6. Use exposure compensation.

In order to make a pic darker or brighter, use the exposure compensation. This can be done using the exposure compensation arrows. They are located to the left (or to the right) of the focus area circle. One arrow is pointing up, the other one is pointing down. Swipe up your finger in the indicated area along with the screen and the pic will become brighter, if you swipe your fingers down, the pic will become darker.

7. Use HDR in contrasting lightning.

HDR (High Dynamic Range) is a technology that helps significantly increase the detalization of dark and bright image areas in the conditions of contrasting lighting. When the HDR function is on, a smartphone takes 3 photos: overexposed, normal exposure, and underexposed. After that, these pics are joined into one image.

Activate HDR when you take photos in contrasting lighting conditions. For example, when taking photos of architecture against the background of a sunset or of a person, when a bright sun glare falls on their face and certain areas of the skin remain in the shadow.

Keep in mind that HDR has the following limitations:

  • Moving objects become blurry.

  • The shooting process slows down because a series of photos are taken.

8. Turn off the flash.

Turn off the automatic flash — it makes your photos look unnatural, kills the skin texture (creating doll-like portraits) and makes other objects look flat. In order to switch off the flash, click on the lightning bolt icon in the Camera app.

9. Don’t use digital zoom.

A smartphone’s camera can enlarge the objects that we shoot and oftentimes we use digital zoom for this. This function seems attractive because of its simplicity, but it significantly reduces the quality of the resulting photo. It’s better to get closer to the object you are taking a photo of if you have the opportunity.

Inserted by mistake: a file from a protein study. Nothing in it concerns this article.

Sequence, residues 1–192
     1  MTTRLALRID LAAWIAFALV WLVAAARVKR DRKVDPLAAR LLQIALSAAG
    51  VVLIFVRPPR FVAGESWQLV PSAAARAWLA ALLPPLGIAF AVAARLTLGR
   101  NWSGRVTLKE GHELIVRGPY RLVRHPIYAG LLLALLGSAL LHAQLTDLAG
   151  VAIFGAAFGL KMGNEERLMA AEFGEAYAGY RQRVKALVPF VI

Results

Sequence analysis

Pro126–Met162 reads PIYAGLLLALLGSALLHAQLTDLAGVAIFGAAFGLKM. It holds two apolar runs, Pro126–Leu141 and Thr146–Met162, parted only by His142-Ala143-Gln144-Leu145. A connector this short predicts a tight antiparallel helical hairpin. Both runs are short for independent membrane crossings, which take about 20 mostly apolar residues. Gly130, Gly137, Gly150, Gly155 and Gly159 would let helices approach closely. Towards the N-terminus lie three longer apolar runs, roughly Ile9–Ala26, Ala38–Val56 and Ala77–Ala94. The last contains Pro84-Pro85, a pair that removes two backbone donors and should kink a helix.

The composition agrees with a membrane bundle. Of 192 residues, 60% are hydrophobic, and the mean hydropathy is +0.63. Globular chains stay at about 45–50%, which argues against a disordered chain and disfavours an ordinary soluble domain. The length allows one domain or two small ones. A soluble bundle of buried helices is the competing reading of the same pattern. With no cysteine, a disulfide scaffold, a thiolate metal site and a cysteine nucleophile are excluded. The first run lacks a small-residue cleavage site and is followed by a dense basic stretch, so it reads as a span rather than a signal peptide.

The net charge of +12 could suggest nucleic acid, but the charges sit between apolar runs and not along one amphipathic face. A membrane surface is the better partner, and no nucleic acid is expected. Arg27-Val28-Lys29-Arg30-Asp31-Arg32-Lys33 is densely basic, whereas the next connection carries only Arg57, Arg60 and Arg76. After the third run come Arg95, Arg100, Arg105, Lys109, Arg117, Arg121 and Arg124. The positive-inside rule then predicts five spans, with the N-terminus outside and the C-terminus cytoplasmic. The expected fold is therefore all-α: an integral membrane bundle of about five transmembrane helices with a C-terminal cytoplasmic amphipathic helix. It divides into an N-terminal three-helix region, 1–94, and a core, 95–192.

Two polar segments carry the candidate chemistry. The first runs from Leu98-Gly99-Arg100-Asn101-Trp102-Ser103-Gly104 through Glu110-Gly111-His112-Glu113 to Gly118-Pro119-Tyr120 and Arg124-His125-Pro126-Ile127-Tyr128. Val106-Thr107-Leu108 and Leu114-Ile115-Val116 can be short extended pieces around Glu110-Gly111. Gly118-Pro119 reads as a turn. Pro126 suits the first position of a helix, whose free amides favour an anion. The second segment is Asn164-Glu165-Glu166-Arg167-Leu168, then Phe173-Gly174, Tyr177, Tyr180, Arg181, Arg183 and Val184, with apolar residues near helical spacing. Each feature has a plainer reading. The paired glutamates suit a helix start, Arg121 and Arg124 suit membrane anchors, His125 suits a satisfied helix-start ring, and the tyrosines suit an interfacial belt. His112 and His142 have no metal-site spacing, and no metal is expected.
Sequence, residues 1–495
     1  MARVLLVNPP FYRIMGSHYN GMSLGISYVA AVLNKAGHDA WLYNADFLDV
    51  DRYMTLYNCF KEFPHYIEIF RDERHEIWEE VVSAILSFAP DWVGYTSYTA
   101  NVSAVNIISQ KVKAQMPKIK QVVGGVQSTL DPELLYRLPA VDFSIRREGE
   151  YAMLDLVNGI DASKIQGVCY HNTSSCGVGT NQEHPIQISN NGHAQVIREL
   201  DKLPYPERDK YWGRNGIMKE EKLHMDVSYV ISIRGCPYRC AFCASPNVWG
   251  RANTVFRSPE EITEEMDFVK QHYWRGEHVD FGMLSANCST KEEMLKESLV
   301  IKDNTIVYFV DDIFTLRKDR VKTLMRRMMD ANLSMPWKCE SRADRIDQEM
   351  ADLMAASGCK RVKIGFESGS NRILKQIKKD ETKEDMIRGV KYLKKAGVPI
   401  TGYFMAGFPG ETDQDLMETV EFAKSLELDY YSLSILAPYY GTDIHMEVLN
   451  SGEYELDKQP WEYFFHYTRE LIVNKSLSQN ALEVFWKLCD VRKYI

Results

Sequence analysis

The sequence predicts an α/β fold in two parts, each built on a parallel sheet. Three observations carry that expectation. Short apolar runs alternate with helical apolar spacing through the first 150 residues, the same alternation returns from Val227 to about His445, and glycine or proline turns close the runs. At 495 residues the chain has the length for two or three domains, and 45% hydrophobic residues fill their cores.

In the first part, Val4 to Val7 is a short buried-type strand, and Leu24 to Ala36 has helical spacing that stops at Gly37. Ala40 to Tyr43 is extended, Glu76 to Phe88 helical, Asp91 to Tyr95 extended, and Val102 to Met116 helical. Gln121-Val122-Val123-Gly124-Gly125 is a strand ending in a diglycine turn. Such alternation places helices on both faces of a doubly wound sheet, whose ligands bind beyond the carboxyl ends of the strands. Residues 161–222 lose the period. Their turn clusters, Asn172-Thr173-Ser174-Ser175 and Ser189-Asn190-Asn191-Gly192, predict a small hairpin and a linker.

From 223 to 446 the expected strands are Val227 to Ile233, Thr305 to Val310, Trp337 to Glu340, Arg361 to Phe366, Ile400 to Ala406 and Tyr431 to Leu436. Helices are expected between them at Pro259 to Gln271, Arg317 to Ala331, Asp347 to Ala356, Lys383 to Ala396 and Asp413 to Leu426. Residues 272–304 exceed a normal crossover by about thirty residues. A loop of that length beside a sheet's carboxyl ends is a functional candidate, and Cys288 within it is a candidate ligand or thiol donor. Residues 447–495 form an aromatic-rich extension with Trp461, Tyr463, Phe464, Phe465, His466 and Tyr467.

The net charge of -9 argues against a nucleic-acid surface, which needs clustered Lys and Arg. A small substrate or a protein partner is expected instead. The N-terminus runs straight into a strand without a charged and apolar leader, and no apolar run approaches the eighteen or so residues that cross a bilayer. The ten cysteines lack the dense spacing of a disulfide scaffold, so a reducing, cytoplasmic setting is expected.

10. Don’t forget to edit your images.

Editing your photos slightly can make them look brighter and more interesting. There are many photo editing apps, like VSCO, Snapseed, Facetune, Enlight Quickshot, etc. One of the simplest ways to edit a photo is to use the in-built Instagram editor.

In order to make an image look better on Instagram:

  • Turn on your phone’s backlight at full power — it will help you to see the photo better.

  • Press the sun icon (Lux tool) at the top of the image and your photo will become better and brighter. Slowly move the cursor to the left and to the right, and watch the details — your photo shouldn’t become unnatural or look over-Photoshopped.

  • Press the “Edit” button and remove the canted angle (the Dutch tilt) with the help of the “Adjust” tool.

  • If the photo is not bright enough, increase the brightness. You can also try moving the “Shadow” (if the details in the shadows are not seen clearly) or “Highlights” tool sliders.

  • If you want to have more focus on details, use the “Details” tool.

  • In order to give your photo brighter colors, move the slider of the “Saturation” tool.